Dr Christian Schemmel

ISRF Political Economy Fellow 2021-22

Dr Christian Schemmel

ISRF Political Economy Fellow 2021-22

Christian Schemmel ISRF

Christian Schemmel is Senior Lecturer in Political Theory at the University of Manchester, where he is affiliated to the Manchester Centre for Political Theory (Mancept), and the Work and Equalities Institute. Before joining the University of Manchester, he worked at the European University Institute, Florence, and Goethe University, Frankfurt am Main. His main research interests are theories of social justice and equality, liberalism and republicanism, global justice, self-respect and other self-evaluative attitudes, and issues at the intersection of political theories of justice and equality with political economy: political theory of the welfare state, workplace and economic democracy, and the social significance, and just regulation, of financial remuneration, especially at the lower end (his ISRF project).

His monograph Justice and Egalitarian Relations is in production with Oxford University Press US, and will appear in early 2021.

Making All Work Pay: Just Wage Regulation

Why, if at all, are wage guarantees, including direct minimum wage legislation, justified? The most commonly cited reason is that they guarantee a minimally sufficient income, which serves to meet people’s basic needs. But there may be other ways of achieving these aims: unconditional basic incomes, tax credits, and states topping up low wages. Are there more intrinsic, direct reasons to want guaranteed wage floors? Such reasons might pertain to what minimum wages do to, and say about, the quality of employer-employee-relationships; and/or what they express about how society in general values the productive contribution of those at the lower end of the pay scale – the recognition they receive for what they do. Do minimum wages plausibly express such recognition? And if so, is this just a contingent socio-psychological fact that could be changed?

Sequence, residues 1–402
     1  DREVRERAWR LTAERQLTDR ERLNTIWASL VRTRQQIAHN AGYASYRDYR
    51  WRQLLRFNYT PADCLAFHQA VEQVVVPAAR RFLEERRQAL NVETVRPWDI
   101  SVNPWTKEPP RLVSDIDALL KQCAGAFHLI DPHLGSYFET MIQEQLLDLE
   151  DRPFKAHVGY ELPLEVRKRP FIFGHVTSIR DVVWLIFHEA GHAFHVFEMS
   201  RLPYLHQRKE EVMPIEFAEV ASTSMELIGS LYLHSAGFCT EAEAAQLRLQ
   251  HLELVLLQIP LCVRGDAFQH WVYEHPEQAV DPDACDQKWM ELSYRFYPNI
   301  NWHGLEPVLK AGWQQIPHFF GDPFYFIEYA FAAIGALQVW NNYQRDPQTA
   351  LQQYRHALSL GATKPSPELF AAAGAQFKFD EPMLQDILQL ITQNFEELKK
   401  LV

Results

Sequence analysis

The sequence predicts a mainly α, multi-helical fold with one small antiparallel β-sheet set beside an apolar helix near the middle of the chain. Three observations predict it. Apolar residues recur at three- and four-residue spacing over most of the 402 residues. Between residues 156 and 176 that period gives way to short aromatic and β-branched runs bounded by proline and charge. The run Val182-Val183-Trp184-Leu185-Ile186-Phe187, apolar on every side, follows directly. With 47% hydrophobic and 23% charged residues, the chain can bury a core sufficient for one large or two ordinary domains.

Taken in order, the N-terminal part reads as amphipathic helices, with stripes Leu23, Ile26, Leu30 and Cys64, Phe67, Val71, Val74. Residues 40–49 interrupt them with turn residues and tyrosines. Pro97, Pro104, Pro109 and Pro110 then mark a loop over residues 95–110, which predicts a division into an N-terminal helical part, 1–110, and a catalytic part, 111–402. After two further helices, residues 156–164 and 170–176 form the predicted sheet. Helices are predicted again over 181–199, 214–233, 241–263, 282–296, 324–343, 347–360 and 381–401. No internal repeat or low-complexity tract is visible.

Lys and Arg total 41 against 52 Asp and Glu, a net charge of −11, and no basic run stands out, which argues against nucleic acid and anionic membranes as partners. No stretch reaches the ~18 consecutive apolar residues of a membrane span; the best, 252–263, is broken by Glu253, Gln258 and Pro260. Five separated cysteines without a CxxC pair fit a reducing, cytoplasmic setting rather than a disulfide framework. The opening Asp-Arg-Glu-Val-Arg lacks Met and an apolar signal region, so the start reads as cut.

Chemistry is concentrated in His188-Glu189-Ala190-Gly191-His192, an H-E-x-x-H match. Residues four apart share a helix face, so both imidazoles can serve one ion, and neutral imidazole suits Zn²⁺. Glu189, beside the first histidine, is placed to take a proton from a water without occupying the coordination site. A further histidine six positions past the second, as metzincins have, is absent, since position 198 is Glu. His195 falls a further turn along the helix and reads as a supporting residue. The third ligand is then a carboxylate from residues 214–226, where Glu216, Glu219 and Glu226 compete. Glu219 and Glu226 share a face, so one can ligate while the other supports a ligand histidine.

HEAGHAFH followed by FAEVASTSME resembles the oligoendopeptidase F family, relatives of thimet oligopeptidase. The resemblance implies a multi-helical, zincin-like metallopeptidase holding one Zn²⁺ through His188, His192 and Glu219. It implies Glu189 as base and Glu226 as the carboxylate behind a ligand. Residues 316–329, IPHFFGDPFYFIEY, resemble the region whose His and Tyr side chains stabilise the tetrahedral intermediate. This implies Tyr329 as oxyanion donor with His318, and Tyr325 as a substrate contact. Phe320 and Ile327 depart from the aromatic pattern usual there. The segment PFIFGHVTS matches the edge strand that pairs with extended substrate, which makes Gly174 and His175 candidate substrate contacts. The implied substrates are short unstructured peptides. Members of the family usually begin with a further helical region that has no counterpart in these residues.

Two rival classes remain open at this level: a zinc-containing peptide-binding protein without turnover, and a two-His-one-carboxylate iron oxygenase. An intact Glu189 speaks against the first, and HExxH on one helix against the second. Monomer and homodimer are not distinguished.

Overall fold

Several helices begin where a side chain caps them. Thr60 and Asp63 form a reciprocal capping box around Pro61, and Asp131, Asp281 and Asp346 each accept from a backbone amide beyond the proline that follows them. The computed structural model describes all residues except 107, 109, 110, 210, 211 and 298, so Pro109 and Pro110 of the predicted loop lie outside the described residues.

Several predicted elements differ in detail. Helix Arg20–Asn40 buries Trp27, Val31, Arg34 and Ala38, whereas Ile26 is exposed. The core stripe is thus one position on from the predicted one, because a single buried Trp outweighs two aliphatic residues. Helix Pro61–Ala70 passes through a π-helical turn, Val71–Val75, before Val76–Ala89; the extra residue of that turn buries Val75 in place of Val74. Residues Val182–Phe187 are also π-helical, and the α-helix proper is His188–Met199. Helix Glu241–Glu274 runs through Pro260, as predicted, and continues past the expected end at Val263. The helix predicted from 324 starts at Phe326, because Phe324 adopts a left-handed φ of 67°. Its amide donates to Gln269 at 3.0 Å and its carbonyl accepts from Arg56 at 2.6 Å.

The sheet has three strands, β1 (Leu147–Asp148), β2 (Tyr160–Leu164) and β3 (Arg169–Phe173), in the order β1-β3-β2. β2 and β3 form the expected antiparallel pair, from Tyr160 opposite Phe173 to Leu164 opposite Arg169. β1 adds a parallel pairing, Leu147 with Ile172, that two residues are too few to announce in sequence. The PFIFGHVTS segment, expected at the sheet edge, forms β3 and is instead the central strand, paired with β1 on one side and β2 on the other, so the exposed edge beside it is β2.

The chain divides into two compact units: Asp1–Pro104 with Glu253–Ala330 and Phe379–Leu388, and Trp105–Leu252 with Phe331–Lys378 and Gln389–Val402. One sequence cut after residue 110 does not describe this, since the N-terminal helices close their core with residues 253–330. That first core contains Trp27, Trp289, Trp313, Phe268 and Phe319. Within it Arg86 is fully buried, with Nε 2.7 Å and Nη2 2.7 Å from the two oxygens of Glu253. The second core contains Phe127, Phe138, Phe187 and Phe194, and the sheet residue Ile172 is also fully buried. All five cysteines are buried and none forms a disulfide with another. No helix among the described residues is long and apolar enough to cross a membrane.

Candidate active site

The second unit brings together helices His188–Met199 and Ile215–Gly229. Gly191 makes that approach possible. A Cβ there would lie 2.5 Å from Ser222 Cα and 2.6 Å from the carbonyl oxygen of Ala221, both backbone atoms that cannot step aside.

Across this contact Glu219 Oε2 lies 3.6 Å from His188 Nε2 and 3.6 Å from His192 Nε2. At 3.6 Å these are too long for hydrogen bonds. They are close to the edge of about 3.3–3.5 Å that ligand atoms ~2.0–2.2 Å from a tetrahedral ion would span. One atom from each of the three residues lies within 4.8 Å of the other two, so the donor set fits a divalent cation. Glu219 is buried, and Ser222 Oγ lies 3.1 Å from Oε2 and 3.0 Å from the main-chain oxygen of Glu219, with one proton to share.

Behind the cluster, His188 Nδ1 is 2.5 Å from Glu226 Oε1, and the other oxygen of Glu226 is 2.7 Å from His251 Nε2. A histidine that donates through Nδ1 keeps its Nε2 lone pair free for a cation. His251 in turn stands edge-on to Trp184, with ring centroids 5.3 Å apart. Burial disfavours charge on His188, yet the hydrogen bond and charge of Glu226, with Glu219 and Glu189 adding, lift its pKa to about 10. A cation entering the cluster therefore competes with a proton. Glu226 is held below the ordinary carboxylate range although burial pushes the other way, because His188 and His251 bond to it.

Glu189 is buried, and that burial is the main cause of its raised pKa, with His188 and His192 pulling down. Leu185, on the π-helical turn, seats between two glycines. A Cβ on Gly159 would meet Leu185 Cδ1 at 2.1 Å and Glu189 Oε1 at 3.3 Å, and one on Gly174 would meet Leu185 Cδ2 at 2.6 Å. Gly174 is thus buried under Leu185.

This research project in political philosophy addresses the justification of wage regulation, with a focus on minimum wage guarantees. There is very little research in political philosophy on this pressing real-world problem. This is surprising, and deplorable, as low pay work is widespread in advanced, globally integrated and highly technologically developed societies in recent decades, despite unprecedented, and growing, material abundance. 

The project aims to interrogate the special significance of work and its adequate remuneration by integrating political philosophy with relevant literature in comparative political science and political economy on low wage regulation, and social psychology and public health studies on the effect of low pay. Its substantive hypothesis is that adequate minimum wage guarantees are a requirement of social justice both because they express social recognition of work and because they are necessary (albeit not sufficient) for combating domination at work.

This meets the ISRF’s key objective of delivering innovative, interdisciplinary research that responds to some of the most pressing social challenges of today.

Contacting Fellows

If you would like to contact any of our Fellows to discuss their ISRF-funded work, please contact Dr Lars Cornelissen (Academic Editor) in the first instance, at [email protected].